AN INTERNAL investigation has found that high-ranking aides in Attorney General Alberto Gonzales' Justice Department used a conservative litmus test to screen candidates for nonpartisan jobs as prosecutors and immigration judges. But it's not likely anyone will be punished or the public more than mildly interested in this latest example of Republican wrongdoing.
According to the department's inspector general and Office of Professional Responsibility, top Gonzales aide and White House liaison Monica Goodling, who testified before Congress in May, 2007, that she might have "crossed a line" at times, routinely asked candidates questions designed to determine if they held GOP-friendly political views. To make sure, she conducted Internet searches of the job-seekers using key phrases such as "Florida recount," homosexual," and "abortion."
Thirty-four former candidates told investigators that the topic of abortion came up during their job interviews, while 21 said same-sex marriage was discussed. Ms. Goodling would make shorthand comments on the interviews, commenting in one instance that a candidate was appropriately conservative on "god, guns + gays."
Career prosecutor Leslie Hagen of Michigan, the report says, lost a Washington job because of rumors that she was a lesbian. Margaret Chiara, the former U.S. attorney in Grand Rapids, Mich., believes she may have been fired because of what she says was the false rumor that she was having a relationship with Ms. Hagen.
In another instance, Ms. Goodling chose a Republican with three years' experience as a prosecutor to fill a temporary counterterrorism position in Washington, passing over a highly acclaimed veteran prosecutor whose wife was active in Democratic politics.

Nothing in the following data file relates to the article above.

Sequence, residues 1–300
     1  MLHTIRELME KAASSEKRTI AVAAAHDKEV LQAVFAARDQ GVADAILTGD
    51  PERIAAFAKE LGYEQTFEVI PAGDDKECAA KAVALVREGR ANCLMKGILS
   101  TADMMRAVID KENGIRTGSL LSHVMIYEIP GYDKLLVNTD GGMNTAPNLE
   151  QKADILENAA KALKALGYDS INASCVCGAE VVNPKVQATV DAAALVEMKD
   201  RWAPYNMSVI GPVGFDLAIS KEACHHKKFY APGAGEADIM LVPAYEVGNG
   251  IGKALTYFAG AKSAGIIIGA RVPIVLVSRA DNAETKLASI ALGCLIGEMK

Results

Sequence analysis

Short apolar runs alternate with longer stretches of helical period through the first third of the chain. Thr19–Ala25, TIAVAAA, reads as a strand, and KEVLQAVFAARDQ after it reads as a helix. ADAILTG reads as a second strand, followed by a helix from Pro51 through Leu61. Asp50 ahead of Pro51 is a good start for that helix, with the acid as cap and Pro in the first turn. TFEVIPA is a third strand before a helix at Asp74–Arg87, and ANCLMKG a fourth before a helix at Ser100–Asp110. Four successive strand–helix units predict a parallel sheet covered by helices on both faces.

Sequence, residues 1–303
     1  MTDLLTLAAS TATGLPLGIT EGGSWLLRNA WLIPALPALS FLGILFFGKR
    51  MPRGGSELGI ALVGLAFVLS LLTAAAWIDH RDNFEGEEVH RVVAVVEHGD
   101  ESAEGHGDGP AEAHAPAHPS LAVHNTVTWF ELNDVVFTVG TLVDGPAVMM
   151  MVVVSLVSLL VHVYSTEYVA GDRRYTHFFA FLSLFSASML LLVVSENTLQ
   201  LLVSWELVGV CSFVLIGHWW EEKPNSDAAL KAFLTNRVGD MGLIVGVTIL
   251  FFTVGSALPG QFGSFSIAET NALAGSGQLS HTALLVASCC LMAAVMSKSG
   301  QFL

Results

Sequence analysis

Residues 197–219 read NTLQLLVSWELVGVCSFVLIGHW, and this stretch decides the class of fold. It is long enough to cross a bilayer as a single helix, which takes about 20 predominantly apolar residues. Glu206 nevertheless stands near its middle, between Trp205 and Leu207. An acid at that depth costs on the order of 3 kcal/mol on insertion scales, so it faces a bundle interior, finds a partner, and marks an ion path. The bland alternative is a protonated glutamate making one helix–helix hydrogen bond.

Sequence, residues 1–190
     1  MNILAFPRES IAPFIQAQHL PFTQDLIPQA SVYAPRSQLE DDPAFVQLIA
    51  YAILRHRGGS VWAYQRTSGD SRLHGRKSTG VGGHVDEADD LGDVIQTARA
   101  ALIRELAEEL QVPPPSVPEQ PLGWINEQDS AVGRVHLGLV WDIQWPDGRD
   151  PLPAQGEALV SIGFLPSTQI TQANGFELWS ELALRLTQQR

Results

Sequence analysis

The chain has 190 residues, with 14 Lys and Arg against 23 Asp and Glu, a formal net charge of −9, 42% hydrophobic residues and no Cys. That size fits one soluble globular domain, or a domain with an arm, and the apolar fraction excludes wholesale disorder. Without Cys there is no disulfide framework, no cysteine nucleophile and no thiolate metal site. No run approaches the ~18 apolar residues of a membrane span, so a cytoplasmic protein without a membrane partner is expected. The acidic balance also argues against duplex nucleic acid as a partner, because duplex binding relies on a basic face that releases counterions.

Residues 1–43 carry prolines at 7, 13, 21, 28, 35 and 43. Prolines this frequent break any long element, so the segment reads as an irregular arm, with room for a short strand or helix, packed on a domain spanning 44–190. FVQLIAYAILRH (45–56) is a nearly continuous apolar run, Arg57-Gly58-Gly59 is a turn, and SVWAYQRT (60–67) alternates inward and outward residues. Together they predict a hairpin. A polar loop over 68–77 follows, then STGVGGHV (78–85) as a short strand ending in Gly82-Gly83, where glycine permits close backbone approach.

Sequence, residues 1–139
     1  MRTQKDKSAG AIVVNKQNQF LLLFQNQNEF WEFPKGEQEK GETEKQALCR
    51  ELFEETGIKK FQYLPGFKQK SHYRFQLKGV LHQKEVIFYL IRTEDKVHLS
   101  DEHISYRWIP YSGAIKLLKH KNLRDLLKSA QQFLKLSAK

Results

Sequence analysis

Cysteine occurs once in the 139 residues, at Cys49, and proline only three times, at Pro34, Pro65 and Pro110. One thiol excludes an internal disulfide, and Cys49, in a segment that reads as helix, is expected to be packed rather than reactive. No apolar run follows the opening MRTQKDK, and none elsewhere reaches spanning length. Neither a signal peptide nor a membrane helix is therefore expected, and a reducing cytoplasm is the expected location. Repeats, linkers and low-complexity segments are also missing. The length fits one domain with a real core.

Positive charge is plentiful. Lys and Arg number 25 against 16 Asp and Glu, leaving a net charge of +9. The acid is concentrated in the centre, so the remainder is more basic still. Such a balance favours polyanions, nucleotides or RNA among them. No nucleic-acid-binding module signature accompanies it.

That the hiring of career prosecutors and administrative judges by the Justice Department must be nonpolitical is enshrined in law and department regulations, as well as the long-standing practice of both Democratic and Republican attorneys general.
That Bush Administration officials and appointees are ignoring law and tradition is hardly a surprise. They are only doing what they always said they would do: At least since 1994, Republicans have been intent on creating a permanent GOP majority; what better way than to fill career positions with party loyalists?
In regard to ethics and other wrongdoing, Republicans have a Monica problem that makes Monica Lewinsky look like a minor distraction, but Americans are numbed by the frequent reports of GOP attempts to play fast and loose with the law and the Constitution. They are more concerned over how they're going to pay their mortgage or put gas in the family vehicle.
Republicans play that malaise to their advantage. Typically, White House spokesman Tony Fratto dismissed the report, saying, "There's really not a lot new here."
Mr. Gonzales claimed he was unaware of the abuses but the reality is that Ms. Goodling is taking the heat for doing what she was encouraged to do: placing partisanship above all else. Because she and others - including Mr. Gonzales - resigned, criminal charges appear unlikely. They could, however, face disciplinary action from their local bar associations, including having their law licenses revoked.
That would be simple justice.